Deer Nuisance Complaints and Damage
Deer are probably the most widely distributed and best-recognized large mammals in North America. Despite their economic and aesthetic values, deer also have a variety of negative economic impacts—they damage crops and personal property, and harbor diseases common to humans and livestock.
Unlike moles, rats, and other species implicated in damage, deer cannot be casually eliminated when in conflict with humans. But neither can landowners be expected to bear the entire burden of support for this valuable public resource.
The most common complaint voiced about deer is damage to trees and gardens. The most deadly encounters with deer occur on roadways. Each year in the US some 200 people are killed and more than 25,000 are injured in car-deer collisions.
Deer Removal and Prevention
A deer nuisance in the home can upset daily life and removing deer from the home can be even more challenging. Deer removal and animal control may be essential for human health. Prevention is the first step. Some methods to keep deer off your property include fencing, mesh netting, choosing deer repellent plants, deer resistant flowers, trees and shrubs, scare devices and chemical repellents.
Deer are protected year-round in all states and provinces, with the exception of legal harvest during appropriate big-game hunting seasons. No lethal deer control can be initiated before consulting your local state wildlife agency. By law, some states provide technical assistance or direct compensation for deer damage.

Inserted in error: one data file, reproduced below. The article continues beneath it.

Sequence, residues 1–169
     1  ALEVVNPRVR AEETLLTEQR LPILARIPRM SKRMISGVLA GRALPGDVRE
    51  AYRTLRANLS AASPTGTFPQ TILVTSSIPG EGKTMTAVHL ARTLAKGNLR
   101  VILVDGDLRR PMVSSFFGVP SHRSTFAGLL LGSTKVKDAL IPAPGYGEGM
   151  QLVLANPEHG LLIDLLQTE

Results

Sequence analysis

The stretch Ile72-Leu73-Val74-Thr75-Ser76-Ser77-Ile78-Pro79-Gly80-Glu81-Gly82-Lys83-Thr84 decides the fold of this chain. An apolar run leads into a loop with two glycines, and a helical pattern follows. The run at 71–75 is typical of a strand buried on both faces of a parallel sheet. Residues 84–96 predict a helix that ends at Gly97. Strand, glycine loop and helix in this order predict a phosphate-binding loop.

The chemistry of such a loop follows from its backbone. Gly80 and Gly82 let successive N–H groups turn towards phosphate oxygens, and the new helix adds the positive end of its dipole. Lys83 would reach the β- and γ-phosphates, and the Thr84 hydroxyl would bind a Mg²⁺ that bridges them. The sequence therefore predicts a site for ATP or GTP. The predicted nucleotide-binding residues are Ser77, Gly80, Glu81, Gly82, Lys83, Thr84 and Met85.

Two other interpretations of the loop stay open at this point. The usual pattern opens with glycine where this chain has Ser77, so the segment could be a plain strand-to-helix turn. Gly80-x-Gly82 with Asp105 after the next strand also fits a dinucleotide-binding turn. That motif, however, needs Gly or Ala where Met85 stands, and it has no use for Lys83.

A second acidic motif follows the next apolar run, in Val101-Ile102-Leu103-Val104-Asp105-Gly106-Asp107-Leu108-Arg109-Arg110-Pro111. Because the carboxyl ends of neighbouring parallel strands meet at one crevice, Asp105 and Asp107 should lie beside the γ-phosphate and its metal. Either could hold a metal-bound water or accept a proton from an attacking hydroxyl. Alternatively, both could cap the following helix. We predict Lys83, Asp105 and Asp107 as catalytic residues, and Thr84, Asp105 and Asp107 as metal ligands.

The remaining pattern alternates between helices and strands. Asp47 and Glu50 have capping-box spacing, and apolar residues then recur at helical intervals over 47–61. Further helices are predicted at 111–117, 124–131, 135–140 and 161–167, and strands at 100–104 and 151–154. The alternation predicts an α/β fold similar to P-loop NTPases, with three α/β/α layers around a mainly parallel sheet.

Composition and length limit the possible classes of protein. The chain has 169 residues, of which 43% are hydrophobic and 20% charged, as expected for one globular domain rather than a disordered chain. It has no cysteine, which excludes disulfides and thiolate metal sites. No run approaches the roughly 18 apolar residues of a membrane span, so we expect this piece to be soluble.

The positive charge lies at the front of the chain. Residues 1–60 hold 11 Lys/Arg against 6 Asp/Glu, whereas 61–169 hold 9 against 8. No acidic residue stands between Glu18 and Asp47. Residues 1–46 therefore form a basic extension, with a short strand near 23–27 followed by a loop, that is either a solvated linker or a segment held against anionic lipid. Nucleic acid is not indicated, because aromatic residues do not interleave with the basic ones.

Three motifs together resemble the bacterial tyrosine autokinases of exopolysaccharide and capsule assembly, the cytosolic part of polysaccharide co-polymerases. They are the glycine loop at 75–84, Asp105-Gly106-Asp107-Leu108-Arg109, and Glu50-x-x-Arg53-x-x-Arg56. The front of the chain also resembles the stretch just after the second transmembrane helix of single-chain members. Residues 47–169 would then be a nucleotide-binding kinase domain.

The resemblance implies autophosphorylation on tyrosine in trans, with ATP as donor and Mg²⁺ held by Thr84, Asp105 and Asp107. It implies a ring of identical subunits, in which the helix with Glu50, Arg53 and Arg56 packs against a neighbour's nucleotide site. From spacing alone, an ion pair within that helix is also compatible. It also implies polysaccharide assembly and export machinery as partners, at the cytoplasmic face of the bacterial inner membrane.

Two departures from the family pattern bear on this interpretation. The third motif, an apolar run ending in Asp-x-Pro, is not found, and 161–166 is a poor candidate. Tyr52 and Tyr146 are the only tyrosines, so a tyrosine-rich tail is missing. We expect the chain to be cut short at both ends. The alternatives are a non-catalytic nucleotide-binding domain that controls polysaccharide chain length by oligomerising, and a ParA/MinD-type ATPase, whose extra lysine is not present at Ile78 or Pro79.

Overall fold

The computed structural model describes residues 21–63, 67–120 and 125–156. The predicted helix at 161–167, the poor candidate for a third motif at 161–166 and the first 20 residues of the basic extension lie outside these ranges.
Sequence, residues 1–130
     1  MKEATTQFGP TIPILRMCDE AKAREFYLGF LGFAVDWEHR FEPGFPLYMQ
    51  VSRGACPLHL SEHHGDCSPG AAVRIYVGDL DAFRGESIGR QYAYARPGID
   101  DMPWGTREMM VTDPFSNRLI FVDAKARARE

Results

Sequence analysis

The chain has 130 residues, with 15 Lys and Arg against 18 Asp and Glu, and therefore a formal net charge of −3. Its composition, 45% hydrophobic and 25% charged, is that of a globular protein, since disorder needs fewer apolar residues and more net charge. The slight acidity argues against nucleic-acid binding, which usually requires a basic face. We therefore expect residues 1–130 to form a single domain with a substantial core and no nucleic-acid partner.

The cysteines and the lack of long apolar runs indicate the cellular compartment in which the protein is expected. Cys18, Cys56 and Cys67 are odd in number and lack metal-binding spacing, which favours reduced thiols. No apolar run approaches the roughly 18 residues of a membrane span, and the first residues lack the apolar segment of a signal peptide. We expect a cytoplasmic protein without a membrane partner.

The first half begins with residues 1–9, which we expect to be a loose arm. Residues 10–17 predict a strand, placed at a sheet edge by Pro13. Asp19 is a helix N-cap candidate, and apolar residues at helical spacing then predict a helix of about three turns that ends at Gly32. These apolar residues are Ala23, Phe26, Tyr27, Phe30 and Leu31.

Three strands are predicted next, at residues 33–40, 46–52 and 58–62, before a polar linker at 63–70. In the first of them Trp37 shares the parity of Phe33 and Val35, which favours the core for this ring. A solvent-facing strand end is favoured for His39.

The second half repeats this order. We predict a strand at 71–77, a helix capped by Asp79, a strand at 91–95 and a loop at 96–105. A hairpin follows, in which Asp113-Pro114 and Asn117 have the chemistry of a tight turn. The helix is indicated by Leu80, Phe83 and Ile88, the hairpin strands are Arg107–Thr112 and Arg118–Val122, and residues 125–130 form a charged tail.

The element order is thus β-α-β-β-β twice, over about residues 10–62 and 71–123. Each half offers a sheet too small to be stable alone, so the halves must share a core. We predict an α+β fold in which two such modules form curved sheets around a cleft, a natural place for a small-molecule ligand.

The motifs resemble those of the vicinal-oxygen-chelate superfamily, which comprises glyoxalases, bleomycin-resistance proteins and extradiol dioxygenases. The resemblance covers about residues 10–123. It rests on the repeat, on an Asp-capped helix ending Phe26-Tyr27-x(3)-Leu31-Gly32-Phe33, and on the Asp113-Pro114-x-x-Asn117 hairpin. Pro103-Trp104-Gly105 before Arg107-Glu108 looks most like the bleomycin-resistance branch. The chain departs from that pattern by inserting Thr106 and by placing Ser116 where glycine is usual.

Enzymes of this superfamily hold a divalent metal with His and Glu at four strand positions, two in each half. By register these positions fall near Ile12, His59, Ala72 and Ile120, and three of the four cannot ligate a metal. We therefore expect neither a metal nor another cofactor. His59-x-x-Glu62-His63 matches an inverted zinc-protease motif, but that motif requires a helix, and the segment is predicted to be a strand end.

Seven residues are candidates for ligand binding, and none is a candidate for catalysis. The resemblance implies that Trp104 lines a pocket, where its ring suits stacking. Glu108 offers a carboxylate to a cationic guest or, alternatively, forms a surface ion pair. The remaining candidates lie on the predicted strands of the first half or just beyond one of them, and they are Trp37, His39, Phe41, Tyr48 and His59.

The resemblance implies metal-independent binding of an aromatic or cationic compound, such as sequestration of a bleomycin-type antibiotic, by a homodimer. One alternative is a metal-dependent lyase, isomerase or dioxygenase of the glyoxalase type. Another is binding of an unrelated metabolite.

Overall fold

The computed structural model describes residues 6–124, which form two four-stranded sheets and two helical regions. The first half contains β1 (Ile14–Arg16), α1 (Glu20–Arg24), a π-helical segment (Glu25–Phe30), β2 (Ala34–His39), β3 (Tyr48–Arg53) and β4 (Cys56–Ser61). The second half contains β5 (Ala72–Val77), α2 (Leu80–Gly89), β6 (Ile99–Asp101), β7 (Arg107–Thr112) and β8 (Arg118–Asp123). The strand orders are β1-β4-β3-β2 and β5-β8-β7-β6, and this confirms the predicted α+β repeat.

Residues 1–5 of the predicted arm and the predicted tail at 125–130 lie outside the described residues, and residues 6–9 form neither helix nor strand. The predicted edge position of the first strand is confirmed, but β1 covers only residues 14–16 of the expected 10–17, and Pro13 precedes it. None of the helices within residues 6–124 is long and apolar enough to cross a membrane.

Call Westchester Wildlife for humane live & dead deer removal.
The Deer Problem Issue in Westchester
The New York State Department of Environmental Conservation strongly advises motorists to take the following precautions to prevent deer-vehicle collisions:
- Use extreme caution when driving at dawn or dusk, especially from late October through December and when visibility is poor;
- Slow down when approaching deer are standing near the roadside, since they may bolt at the last minute as a car comes closer, often sprinting onto the road;
- If you see a deer cross the road, be alert for others that may follow;
- Use flashers of a headlight signal to warn other drivers when you spot deer near the road;
- Be alert and use extreme caution when traveling through deer crossing areas, which are usually marked with road signs.